Rashmi Airan-Pace, a partner in the real-estate law firm Airan2, Airan-Pace & Crosa in Coral Gables, Fla., reports much the same experience.
"I used to try to sell every client on the idea of a forensic audit," she says, "and send a very aggressive letter to the bank for violations of TILA or RESPA. What we found is that generally we were not getting the results we expected. Banks are not responding, and my experience is that they're not helping people get reductions. I almost felt like we were being blacklisted."
Litigation costsSome people want a mortgage audit to find out what's wrong with their loan, Mobley says. Others want to be able to call upon a mortgage auditor as an expert witness -- though very few are qualified as such.
"Many clients are determined to sue, but find they can't afford litigation," she says. "In cases where the homeowner insists on it, we'll do it, but in my opinion they only create unrealistic expectations."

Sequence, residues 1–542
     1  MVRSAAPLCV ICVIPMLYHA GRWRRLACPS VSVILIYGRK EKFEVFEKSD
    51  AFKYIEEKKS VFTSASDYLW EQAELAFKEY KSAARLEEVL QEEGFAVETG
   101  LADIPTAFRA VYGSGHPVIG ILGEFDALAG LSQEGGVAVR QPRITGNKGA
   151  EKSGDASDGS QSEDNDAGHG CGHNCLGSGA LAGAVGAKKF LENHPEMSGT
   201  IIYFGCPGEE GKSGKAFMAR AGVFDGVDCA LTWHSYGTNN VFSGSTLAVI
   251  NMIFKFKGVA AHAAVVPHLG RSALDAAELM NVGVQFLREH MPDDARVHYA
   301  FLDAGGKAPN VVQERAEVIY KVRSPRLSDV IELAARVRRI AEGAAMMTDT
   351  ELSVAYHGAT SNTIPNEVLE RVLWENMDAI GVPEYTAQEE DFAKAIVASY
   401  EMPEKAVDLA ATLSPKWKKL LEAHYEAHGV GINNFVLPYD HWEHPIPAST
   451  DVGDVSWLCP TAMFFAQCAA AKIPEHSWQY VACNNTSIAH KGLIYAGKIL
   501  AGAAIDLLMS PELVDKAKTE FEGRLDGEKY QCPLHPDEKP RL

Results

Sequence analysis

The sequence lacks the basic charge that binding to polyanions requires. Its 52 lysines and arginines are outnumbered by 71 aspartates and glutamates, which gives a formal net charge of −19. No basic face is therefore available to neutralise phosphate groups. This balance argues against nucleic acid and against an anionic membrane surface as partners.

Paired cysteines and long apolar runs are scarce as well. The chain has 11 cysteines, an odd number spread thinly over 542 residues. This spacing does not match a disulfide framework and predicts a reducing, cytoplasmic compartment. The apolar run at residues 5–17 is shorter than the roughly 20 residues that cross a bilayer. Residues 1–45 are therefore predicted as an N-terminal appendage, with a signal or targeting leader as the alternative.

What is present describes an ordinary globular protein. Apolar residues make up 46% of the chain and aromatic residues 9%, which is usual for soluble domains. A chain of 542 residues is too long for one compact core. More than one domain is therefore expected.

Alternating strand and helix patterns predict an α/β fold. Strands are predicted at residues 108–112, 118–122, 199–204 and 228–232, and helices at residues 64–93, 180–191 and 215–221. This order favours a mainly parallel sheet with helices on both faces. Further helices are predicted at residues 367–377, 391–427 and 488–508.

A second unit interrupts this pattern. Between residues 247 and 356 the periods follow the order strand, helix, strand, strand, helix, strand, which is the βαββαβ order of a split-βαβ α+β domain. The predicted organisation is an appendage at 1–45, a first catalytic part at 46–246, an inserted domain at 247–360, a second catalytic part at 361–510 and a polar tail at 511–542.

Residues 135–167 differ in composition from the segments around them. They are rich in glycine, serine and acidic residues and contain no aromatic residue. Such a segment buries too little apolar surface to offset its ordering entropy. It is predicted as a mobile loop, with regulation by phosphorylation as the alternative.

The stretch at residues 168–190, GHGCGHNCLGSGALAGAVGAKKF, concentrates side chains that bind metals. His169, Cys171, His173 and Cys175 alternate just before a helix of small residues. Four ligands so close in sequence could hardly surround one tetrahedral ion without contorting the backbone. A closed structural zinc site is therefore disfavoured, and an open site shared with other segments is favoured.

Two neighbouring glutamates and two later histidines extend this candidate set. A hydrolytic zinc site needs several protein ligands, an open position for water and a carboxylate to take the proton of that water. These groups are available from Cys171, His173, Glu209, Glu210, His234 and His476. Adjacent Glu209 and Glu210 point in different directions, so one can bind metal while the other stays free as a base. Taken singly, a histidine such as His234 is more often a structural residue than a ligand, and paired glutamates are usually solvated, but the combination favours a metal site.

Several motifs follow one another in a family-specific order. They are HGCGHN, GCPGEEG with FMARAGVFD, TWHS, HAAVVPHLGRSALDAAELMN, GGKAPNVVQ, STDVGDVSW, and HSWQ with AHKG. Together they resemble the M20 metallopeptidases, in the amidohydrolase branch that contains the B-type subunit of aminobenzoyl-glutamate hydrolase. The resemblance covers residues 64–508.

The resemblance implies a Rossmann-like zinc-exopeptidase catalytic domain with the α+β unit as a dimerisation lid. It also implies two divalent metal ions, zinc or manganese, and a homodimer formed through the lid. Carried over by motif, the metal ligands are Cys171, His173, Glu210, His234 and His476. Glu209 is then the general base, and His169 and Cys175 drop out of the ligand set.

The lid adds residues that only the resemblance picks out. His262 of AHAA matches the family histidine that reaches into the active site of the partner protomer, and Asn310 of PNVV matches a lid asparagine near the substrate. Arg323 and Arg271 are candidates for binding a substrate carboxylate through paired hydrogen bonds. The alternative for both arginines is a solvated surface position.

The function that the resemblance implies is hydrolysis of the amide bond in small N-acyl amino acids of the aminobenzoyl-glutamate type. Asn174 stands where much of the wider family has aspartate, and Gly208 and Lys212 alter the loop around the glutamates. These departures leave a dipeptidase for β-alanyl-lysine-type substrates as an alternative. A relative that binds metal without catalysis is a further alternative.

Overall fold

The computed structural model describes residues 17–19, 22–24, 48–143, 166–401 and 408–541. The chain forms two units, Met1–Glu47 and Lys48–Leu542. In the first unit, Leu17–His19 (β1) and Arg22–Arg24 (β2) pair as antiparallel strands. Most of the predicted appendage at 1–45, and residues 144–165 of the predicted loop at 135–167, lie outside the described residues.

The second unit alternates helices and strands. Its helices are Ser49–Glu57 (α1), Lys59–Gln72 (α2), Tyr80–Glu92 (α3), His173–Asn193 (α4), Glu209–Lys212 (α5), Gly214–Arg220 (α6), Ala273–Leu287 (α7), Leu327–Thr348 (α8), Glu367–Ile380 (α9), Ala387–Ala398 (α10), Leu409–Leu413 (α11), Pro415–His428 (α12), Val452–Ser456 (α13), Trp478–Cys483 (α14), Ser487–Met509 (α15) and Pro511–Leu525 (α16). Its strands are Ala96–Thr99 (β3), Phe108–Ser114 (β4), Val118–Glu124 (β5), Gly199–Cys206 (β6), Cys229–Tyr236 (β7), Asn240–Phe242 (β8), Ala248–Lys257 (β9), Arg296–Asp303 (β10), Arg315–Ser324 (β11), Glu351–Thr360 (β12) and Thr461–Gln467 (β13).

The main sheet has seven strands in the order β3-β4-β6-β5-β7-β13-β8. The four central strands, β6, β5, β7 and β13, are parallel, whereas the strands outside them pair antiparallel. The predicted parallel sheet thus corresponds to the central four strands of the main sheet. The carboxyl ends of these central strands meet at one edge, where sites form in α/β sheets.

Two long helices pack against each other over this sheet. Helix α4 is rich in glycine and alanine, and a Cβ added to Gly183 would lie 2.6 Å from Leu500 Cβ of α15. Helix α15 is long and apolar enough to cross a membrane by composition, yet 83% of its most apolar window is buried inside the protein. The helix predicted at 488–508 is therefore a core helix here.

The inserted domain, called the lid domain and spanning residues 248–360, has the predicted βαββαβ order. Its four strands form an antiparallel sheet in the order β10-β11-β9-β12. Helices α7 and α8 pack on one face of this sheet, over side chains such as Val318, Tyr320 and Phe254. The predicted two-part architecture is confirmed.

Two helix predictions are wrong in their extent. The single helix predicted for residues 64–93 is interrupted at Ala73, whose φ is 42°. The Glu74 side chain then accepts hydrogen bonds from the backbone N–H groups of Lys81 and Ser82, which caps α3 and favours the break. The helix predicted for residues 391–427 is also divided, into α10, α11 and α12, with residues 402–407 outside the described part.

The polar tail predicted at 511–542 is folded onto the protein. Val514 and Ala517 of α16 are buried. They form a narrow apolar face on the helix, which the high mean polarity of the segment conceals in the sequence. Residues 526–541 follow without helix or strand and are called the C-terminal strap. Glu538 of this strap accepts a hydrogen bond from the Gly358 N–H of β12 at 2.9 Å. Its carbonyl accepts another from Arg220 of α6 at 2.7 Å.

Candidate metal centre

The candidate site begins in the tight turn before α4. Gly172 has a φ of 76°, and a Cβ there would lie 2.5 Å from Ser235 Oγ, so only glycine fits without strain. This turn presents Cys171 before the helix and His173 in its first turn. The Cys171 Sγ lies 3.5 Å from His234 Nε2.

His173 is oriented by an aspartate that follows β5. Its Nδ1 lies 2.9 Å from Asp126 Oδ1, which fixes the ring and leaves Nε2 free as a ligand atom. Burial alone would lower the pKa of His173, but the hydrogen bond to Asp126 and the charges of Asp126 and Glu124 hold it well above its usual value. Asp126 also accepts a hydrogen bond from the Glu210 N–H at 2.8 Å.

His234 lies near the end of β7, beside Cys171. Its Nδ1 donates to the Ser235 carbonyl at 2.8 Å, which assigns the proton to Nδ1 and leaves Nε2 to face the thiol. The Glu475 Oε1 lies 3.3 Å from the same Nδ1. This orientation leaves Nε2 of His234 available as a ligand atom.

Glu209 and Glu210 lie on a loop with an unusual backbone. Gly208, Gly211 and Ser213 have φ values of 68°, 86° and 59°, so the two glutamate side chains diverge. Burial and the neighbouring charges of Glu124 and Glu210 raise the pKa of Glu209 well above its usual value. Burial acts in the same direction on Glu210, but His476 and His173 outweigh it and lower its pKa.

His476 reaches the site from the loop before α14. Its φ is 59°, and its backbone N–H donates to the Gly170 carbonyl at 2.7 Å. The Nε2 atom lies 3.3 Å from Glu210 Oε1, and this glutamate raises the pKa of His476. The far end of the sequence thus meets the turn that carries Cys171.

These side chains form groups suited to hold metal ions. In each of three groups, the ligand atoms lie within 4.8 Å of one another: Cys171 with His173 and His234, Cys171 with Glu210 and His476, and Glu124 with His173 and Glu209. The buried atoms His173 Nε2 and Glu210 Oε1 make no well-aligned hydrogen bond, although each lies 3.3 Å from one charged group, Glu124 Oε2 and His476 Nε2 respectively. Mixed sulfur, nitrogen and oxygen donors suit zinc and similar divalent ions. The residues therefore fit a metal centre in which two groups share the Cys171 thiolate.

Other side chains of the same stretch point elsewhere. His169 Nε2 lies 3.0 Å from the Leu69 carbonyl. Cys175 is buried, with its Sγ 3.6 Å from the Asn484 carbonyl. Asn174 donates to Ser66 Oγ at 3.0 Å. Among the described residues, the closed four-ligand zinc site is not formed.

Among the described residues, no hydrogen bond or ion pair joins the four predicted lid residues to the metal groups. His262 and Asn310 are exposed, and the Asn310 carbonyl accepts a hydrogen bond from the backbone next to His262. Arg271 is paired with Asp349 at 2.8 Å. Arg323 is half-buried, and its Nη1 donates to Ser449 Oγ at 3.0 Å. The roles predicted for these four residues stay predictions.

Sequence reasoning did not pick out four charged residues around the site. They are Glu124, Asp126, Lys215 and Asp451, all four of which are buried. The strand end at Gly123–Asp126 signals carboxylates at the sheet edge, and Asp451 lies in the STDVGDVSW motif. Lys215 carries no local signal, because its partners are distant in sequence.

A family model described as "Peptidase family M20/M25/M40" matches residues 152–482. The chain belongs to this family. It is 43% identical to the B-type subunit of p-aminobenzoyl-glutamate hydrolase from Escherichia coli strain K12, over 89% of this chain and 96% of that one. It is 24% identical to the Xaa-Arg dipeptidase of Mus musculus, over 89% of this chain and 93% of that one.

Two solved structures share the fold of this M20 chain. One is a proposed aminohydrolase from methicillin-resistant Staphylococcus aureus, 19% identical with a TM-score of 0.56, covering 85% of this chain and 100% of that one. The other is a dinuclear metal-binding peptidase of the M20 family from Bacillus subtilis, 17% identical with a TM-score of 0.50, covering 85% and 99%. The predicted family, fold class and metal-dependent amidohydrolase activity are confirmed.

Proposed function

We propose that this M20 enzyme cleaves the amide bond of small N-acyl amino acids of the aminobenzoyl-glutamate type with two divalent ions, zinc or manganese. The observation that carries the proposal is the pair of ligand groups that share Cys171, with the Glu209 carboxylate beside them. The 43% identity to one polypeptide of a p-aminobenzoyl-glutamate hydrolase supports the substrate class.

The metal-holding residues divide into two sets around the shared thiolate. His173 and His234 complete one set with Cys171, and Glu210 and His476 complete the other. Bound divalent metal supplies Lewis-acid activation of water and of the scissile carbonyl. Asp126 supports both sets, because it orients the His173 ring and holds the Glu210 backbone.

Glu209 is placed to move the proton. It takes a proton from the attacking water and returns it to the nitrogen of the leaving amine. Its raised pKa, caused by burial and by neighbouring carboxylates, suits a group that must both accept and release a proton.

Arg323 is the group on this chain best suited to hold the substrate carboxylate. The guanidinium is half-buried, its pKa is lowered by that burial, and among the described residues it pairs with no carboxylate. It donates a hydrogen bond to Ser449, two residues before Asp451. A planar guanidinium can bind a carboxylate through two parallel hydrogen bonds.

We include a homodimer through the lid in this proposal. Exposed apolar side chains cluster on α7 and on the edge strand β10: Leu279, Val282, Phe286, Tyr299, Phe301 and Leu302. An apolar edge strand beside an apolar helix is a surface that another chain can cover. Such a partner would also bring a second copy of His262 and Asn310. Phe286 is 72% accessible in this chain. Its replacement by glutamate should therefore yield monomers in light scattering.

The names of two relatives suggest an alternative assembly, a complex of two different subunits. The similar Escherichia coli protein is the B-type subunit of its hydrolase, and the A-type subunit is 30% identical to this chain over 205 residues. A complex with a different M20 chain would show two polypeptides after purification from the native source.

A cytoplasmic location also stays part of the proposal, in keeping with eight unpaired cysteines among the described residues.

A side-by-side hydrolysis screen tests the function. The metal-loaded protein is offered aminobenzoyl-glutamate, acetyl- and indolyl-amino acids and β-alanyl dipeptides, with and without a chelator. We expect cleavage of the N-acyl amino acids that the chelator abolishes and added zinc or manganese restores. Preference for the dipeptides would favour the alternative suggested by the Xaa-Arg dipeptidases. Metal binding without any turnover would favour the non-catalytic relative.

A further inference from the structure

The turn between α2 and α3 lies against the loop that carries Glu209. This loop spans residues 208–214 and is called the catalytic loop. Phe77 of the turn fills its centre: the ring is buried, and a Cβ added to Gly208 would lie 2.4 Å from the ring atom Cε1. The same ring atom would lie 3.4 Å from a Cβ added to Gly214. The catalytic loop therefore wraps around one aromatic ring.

"We will do audits if a client is denied a modification and wants to file a lawsuit against the bank," says Airan-Pace, "but only if it makes sense, and they are pursuing an aggressive strategy. Litigation is costly and not fun."
Any consumer opting for an audit, Airan-Pace says, "needs to do their research and make sure that whoever they hire has real experience. There are many people, both lawyers and nonlawyers, going to weekend seminars and claiming to be foreclosure experts. And, of course, people should be wary of anyone who makes lofty promises or guarantees.
"Unfortunately, there is no quick fix."
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